By David Jacobson | @positivecoachus
The last few games of a lacrosse season bring a gamut of emotions to youth and high school athletes. Playoff or tournament pressure may mount. Players’ sense of accomplishment and appetite for more wins can bring out their best and worst attitudes and behaviors.
Teams that are mathematically eliminated from postseason contention may feel relief as season's end approaches. Or, they may relish an opportunity to achieve and grow, now that they aren’t feeling the pressure of pursuing a championship.
Whether in the wake of a zero-win season, a narrow championship game loss, or even amid championship euphoria, the goal for every player, coach and parent should be that nobody wants the season to end. They should so enjoy the competition, camaraderie, learning, exercise and fun that they want the season to last forever.
But all good things do come to an end, and it's important that youth and high school lacrosse coaches and parents make sure the season has a positive ending regardless of scoreboard results. A season that ends with an emphasis on the joy of playing and competing will bring them back next year. We often say that determining who is a "good" coach should not be judged by the scoreboard, but by how many of the coach's players come back to play next season.
For the sake of lacrosse's continued growth as a sport and for the sake of youth players themselves, it's critical that they come back season after season to get all the fun, fitness, character development and life lessons possible. Positive Coaching can help ensure this with techniques that arm players with perspective throughout the season.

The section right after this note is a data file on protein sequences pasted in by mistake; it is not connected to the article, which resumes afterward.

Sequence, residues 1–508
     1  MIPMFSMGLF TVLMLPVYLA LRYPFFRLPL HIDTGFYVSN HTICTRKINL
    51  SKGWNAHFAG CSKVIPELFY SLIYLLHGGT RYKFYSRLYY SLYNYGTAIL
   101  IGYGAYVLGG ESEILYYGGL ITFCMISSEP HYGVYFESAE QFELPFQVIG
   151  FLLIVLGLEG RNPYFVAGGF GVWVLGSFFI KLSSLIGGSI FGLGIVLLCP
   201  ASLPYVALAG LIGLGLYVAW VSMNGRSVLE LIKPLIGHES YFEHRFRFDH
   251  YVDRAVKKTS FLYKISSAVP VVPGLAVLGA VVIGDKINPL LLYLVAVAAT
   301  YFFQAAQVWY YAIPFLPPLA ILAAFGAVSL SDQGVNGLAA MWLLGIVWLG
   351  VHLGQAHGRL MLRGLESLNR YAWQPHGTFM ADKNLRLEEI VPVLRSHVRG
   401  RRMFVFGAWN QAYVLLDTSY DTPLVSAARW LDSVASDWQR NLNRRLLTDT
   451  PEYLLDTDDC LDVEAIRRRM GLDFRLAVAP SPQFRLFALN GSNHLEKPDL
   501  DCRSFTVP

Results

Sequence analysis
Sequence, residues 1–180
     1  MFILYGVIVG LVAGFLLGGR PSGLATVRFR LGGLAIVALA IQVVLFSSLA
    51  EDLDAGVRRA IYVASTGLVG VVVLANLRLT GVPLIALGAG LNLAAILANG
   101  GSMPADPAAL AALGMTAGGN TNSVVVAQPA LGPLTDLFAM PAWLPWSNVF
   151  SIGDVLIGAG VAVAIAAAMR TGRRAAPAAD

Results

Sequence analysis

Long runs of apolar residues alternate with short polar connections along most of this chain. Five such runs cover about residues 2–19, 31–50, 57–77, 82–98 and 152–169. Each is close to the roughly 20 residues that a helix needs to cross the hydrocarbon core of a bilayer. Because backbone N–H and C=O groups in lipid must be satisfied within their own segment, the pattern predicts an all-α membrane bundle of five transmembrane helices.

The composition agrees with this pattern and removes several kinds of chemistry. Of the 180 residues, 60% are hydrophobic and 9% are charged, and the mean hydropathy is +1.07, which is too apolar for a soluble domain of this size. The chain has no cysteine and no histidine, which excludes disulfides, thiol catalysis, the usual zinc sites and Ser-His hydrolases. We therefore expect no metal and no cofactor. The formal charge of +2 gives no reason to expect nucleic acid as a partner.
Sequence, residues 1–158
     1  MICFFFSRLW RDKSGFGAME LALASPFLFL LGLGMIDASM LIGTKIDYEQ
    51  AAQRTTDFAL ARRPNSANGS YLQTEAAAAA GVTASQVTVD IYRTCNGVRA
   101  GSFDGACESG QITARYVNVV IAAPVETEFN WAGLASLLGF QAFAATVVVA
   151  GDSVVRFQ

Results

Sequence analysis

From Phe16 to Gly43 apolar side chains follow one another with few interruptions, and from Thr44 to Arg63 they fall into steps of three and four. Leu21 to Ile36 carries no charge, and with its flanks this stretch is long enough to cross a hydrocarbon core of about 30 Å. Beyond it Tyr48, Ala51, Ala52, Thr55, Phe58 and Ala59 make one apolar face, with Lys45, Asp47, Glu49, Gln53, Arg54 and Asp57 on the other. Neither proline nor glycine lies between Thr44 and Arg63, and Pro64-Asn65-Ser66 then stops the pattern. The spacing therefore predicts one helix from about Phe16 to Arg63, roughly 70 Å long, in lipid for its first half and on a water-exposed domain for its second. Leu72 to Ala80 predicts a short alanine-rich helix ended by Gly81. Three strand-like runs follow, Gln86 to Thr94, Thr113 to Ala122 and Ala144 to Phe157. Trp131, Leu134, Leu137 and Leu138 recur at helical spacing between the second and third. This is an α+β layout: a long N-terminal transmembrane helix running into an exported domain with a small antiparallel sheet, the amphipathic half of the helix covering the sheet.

One specific Positive Coaching technique can help: introduction and reinforcement of a mastery approach to lacrosse. In PCA workshops, we discuss the ELM Tree of Mastery, which stands for Effort, Learning and Mistakes. As long as players give their best effort, learn along the way and realize that mistakes are OK, they will perform their best and feel like winners regardless of the outcome of a game.
"Mistakes are OK" often gives pause to our workshop attendees. Of course, we don't mean players should make mistakes. But fearing mistakes, which happens when a coach creates an environment where mistakes are not OK, will actually cause more mistakes. Fear also causes generally tentative play and an unwillingness to try new skills in a game situation.
Conversely, playing freely, experimenting with new skills and techniques, and helping teammates do the same helps each player develop. Therefore, individual and team performance improves—relative to potential, if not relative to an opponent.
At season’s end, coaches and parents still may need to help players process their team’s results, just as they do after each practice or game. As long as coaches and parents help players honestly assess themselves within the context of ELM, players will remain excited about their lacrosse futures.
That's what brings players back. At the end of every season, only one team can finish on top of the standings, but that does not mean that each and every player can't already be looking forward to next year.